The first meeting devoted to the future of the two Poles opens on Monday in Washington. Although not on the official programme, the potential riches of the continental shelf around the North Pole are expected to be at the centre of debates.
AFP - Territorial claims targeting riches hidden at the bottom of the Arctic Ocean and the preservation of Antarctica's pristine environment will top the agenda of the first meeting on the future of the North and South Poles that opens here Monday.
The State Department said the meeting, to be hosted by US Secretary of State Hillary Clinton, will focus on the use of both the Arctic and Antarctic.
Clinton will preside over the first joint session of the Antarctic Treaty Consultative Meeting (ATCM) and the Arctic Council on April 6 in Baltimore, Maryland, according to a press release from the State Department.
The joint meeting brings "together the two most important bodies involved with diplomacy at the Poles," the statement said.
The ATCM meeting comes on the 50th anniversary of the Antarctic Treaty, which was signed in Washington.
It "will note its historic significance as the first modern multilateral arms control treaty," which stipulates that Antarctica be used "for peaceful purposes only and guarantees freedom of scientific investigation."
Although the official agenda focuses on peaceful activities in Antarctica as well as freedom of scientific research, participants are likely to focus on rich oil and gas deposits in the continental shelf around the North Pole.
Now that global warming has opened new navigation routes in the area, these deposits have sparked fierce competition among nations surrounding the Arctic, according to French ambassador for international negotiations Michel Rocard.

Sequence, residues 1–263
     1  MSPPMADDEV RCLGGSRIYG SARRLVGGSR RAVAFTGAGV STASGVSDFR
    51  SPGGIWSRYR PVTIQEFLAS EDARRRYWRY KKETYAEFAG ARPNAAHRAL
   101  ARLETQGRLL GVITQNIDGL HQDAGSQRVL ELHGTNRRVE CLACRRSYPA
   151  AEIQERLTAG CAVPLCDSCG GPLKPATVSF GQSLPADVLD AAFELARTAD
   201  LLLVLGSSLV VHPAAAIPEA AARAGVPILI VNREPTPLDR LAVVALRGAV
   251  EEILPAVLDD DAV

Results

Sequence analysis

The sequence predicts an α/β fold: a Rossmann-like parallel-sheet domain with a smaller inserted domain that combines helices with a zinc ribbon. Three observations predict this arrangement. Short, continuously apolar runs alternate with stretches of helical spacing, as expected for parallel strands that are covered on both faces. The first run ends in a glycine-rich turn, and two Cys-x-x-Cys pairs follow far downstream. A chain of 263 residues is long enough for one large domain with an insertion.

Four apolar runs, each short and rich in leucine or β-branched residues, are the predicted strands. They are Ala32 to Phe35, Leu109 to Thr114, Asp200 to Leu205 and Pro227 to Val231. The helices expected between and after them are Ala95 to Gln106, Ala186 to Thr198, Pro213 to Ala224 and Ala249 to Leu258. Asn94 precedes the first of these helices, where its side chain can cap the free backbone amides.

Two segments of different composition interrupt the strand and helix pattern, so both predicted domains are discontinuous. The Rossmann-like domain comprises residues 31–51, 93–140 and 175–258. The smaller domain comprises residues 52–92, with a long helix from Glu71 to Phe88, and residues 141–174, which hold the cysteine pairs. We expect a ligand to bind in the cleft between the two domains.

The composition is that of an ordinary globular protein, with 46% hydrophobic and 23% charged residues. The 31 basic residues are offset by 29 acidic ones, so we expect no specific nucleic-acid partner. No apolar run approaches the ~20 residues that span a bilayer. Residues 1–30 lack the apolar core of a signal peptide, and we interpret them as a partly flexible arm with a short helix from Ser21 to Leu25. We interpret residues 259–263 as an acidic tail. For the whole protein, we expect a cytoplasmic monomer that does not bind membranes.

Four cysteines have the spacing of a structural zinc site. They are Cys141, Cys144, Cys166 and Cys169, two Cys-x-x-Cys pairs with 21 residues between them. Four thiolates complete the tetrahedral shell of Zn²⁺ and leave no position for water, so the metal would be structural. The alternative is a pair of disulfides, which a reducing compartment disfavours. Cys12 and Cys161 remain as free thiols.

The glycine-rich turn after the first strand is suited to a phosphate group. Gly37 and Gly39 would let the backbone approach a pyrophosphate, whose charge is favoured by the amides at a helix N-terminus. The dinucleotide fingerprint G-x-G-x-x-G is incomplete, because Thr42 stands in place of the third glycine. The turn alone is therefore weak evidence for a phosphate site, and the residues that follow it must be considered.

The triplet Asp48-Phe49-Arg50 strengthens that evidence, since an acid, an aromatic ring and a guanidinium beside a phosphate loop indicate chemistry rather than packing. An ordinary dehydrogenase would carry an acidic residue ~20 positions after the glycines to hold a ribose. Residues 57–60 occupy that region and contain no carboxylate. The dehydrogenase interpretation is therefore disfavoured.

The US Geological Survey estimates that the Arctic holds about 90 billion barrels of oil and even bigger deposits of gas.
These resources constitute 13 percent of the world's untapped reserves of oil and 30 percent of reserves of natural gas.
The riches are being disputed by the United States, Russia, Canada, Norway and Denmark, whose island of Greenland could become independent.
A Russian submarine symbolically planted a flag on the sea bed at the North Pole in 2007 and Moscow recently announced plans to militarize its part of the Arctic in order to protect its interests there.
Canada meanwhile is trying to extend its control over Arctic waters to 200 nautical miles.
Ottawa has been consistently reaffirming its sovereignty over the region, in particular the North-West Passage and its thousands of uninhabited islands. Due to melting ice, the passage could become an important future maritime route linking Asia to Europe.
The United States and other countries consider it an international waterway.
In order to protect the environment, France has proposed improving governance over the region. Priorities would include international control over fishing rights, says to Rocard.
During the ATCM meeting, US delegates propose to "limit the size of vessels that can land passengers in Antarctica and to establish higher standards for the use of lifeboats aboard tourist vessels that visit Antarctica," the State Department statement said.
"US participation in International Polar Year included research conducted by a range of federal agencies," it added.
These include the National Science Foundation, the National Aeronautic and Space Administration, the National Oceanic and Atmospheric Administration, and the US Geological Survey, it said.
Date created : 2009-04-06